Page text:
Federal and state women’s safety ministers in Australia are meeting in Canberra on Friday to discuss the need for major reform in handling the country’s family violence crisis.
At least 80 organisations have signed a letter by the Australian Women Against Violence Alliance (AWAVA) and Fair Agenda to call for “urgent and immediate changes to improve women’s safety”.
The letter outlines five actions that can be implemented immediately, including fully funding women’s and children’s services and putting children’s safety first in the family law system.
The meeting was called in response to the murders of Hannah Clarke and her three children – Laianah, six, Aaliyah, four, and Trey, three – by her former partner in Brisbane on February 19.
Clarke and her children burned to death when Rowan Baxter poured petrol on their vehicle and set it alight. Baxter later committed suicide on the scene.
Clarke had a police-issued protection order against her ex-partner, and police have confirmed that there was a history of violence in the relationship. It is believed that Baxter ambushed Clarke’s car, as she drove their children to school.
Across Australia, police respond to one family violence incident every two minutes and women are three times more likely than men to experience violence from their partner.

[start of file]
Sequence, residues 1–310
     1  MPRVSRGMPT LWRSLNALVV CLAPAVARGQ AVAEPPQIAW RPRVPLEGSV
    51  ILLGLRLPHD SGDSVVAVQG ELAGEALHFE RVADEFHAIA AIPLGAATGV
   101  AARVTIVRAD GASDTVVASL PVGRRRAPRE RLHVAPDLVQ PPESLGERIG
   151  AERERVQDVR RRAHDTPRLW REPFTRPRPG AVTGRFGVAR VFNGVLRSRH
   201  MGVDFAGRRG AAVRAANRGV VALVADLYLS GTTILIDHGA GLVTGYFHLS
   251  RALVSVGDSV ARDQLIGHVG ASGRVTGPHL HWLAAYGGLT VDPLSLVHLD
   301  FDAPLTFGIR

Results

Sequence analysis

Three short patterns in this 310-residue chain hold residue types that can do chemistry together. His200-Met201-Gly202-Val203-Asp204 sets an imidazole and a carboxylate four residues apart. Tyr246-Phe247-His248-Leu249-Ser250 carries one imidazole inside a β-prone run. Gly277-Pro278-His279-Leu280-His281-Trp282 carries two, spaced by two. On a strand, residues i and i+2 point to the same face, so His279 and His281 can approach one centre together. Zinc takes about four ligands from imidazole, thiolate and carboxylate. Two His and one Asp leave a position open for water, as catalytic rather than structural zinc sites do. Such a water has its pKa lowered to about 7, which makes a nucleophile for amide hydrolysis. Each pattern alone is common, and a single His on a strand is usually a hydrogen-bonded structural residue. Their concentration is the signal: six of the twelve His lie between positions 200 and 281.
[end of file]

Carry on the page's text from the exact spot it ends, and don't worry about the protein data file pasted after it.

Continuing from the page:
According to Our Watch, a non-governmental organisation that campaigns against violence against women and families, one woman a week is killed by a current or former partner. Nine women have been murdered by men in Australia so far in 2020.
Advocates hope that the meeting on women’s safety scheduled on Friday will agree that urgent steps be taken to combat violence against women.
“The five interventions [we are calling for] can be implemented quickly and make a real difference within weeks,” said Fair Agenda’s Executive Director Renee Carr.
“There are services that women are reaching out to right now that aren’t sufficiently funded, and there are other services facing cuts,” Carr said.
“We’re so far from where governments need to be in handling violence against women.”
Larissa Waters, co-deputy leader of the Australian Greens, announced on Thursday she had written to Minister for Women Marise Payne to push for 5.3 billion Australian dollars ($3.49bn) of funding over 10 years.
She called for improvements to front-line police services, highlighting “concerning reports” of police mishandling in family violence cases.
“Women who have survived domestic violence won’t seek police help if they think they will be disbelieved, or exposed to more danger,” Waters said in the letter.
‘Nothing is off the table’
Payne, who also serves as Australia’s Foreign Minister, said that “nothing is off the table” for discussion in Friday’s meeting.
Tens of family service providers around Australia are facing funding shortages and closures after repeated budget cuts by federal and state governments.
The National Family Violence Prevention and Legal Services Forum (NFVPLS) is one of these organisations.